- Once my book is finished, I need to find how to get it distributed. I’ve heard of the words Amazon Kindle, Smashwords, Lulu, Createspace... I am not sure what exactly these words mean...
As above, if you publish through Smashwords, they sell the book themselves and on their own sister sites. They’ll also distribute to 3rd party sellers like Apple, Sony and Barns and Noble. They’ll distribute to Kindle, but you’ll have better royalties by submitting it there yourself.
CreateSpace only sells your printed book through Amazon. You can buy copies and distribute them yourself, but this is costly and time-consuming. Wouldn’t you rather be writing?
Also, you want your book available in the busiest and most popular websites . . . Kindle and Smashwords being the top two. Also Apple and Barnes and Noble. Places like Lulu and Scribd are also places to sell, BUT they’re not very popular when compared to Kindle or Smashwords. Kindle is the most popular ereader at the moment so a majority of your sales will come from there. People with Kindle can turn on their device, bring up your book on the Kindle store and click one button to buy it. Easy.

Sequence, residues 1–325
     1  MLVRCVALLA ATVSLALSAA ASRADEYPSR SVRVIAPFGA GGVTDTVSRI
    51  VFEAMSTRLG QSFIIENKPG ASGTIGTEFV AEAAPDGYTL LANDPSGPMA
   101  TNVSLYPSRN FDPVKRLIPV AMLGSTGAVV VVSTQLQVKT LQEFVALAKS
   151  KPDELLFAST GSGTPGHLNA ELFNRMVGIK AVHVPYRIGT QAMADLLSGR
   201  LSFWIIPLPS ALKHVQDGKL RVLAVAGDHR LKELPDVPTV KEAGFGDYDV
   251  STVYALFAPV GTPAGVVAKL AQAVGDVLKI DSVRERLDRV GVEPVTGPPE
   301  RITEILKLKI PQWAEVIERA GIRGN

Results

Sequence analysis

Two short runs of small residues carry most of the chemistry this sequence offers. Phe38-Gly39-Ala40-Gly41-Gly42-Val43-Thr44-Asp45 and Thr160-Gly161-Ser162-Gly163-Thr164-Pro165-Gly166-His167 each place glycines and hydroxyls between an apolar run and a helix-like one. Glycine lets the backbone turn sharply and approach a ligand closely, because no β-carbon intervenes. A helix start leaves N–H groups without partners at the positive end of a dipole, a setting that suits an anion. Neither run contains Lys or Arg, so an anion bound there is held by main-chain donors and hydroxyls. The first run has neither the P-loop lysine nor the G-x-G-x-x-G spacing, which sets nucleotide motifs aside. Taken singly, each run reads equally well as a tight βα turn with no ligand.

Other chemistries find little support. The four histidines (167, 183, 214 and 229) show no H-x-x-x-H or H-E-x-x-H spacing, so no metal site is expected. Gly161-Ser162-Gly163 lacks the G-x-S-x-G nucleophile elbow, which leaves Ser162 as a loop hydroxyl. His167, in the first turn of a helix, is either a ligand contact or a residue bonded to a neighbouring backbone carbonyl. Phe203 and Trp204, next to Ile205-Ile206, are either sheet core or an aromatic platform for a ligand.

- My book is finally published! I opened a bottle of champagne to celebrate but now I have to sell some copies of my book to cover the expenses. Time for the hard part: promotion. Any good solid tips?
Self-publishing authors have to work harder than any other type of author to sell their books. These authors don’t have a publisher behind them taking up some of the slack.
First let’s look at some basic costs for a self-published book (US dollars)—
Book Editing (averaging $3 per page for a 300 page book) = $900
Cover Design (averaging 3 images, 300 dpi resolution, print book and artist fees) = $250
Formatting (averaging 2 hours at $25 per hour) = $50
Sub-Total just to get the book ready to publish = $1200
If you go through CreateSpace, there aren’t any set-up fees, but if you use a company like Lightning Source, you could pay several hundred dollars in set-up fees. But let’s assume you’re using CreateSpace.
Let’s assume the book is selling for $10. CreateSpace will take about half of that before you’re paid your share . . . about $5. How many books will you have to sell to make back your $1200 investment? 240. How much to make a profit? 241. How much to make it worth doing it again? Ideally, you should triple your investment ($3600 or 720 copies sold). The first one-third pays your expenses, the second one-third funds the next book and the last one-third is for your savings account.